The purpose of a disciple

In our reading it is lovely to see that the disciples were first called Christians at Antioch, and what a beautiful term this is: Christ-like ones. Commentators suggest that they were divinely called by this title, but, nevertheless, unbelievers used the term, albeit in a derogatory fashion. Surely this is the whole purpose for following the Master – so that we might become like Him! One day we shall be, for we shall see Him as He is!

This principle is readily seen in the world today. Think of great footballers, and many young hopefuls who try to emulate them. These youngsters will devour video after video of ‘the maestro’ in action to learn what and how they do great moves with a football. Then, they go out and try to put into practice what they have learned, and are delighted when others compare them to their idol. As believers in the Lord Jesus our aim should be to become more like Him each day. Paul puts it succinctly when he says, ‘Be ye followers of me, even as I also am of Christ’, 1 Cor. 11. 1. So we should model our life on the Lord Jesus. We do this not to obtain salvation but because we have salvation, and can therefore become like Him. We also have His Spirit dwelling in our hearts to help us achieve our goal. Therefore, let us read about Him in His word, and see how He acted and reacted in the differing circumstances of life, and in His submission to the will of God. Then let us put into action what we learn, so that others might see us like our Master and call us Christians. It is a high standard, but one that should constantly occupy us until He returns to take us home.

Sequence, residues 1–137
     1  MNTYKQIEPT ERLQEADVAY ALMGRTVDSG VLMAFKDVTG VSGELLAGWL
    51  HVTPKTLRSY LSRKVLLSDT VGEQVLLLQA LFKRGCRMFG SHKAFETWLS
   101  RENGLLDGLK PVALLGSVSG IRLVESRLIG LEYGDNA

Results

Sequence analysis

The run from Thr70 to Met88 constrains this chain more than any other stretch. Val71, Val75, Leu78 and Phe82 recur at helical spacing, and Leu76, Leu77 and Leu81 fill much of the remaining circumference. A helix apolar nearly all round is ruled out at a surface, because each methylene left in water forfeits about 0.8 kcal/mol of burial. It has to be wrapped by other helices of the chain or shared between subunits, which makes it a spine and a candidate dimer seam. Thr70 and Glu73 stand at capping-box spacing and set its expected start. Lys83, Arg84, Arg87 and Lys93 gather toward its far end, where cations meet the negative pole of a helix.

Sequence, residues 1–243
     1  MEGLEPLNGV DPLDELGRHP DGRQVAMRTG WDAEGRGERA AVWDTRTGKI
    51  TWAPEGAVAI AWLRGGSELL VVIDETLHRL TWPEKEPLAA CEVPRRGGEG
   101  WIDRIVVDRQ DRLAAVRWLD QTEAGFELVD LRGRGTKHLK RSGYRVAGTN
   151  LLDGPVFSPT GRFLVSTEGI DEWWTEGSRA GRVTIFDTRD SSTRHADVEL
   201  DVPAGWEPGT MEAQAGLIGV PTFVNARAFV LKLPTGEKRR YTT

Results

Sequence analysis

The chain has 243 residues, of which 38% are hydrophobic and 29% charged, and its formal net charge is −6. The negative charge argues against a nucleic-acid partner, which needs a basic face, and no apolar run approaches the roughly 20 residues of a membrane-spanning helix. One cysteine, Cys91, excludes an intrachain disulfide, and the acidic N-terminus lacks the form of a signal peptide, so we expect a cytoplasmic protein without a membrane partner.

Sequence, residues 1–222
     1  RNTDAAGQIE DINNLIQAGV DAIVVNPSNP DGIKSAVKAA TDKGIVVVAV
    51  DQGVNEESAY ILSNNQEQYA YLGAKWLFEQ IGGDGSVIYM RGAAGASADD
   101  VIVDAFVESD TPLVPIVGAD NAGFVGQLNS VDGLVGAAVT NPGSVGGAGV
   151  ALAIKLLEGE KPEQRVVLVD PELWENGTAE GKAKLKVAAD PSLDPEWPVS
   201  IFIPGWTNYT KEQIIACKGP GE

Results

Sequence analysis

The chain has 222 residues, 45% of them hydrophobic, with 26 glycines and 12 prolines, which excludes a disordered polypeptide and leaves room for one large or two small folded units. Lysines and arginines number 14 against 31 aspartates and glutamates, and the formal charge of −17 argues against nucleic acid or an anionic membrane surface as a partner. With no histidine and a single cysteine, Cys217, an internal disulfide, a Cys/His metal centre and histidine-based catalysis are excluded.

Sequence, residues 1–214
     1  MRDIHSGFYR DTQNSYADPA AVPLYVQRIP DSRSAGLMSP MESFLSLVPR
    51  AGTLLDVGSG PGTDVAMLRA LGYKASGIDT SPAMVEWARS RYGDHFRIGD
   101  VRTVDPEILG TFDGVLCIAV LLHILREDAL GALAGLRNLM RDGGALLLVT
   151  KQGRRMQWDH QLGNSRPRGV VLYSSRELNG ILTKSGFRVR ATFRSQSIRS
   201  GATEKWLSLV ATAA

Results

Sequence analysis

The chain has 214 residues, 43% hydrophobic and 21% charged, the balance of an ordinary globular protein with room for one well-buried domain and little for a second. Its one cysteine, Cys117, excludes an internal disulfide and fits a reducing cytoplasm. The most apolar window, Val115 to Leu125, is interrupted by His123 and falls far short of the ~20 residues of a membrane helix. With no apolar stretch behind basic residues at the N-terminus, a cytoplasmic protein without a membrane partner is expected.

The pathway of the disciple

Following the Lord was never going to be easy. Indeed, two things clearly mark this pathway:

  • Self denial
  • Reproach

To deny self is to forego our rights, and things that may be legitimate but will not help us to be like the Master. You can be assured that the Lord is not asking us to do something He has not done Himself. He said, ‘I came not to be served but to serve’, Matt. 20. 28 NIKJV. What self denial is this! Many times He was weary, but He never thought of giving up. He was fulfilling the Father’s will for Him.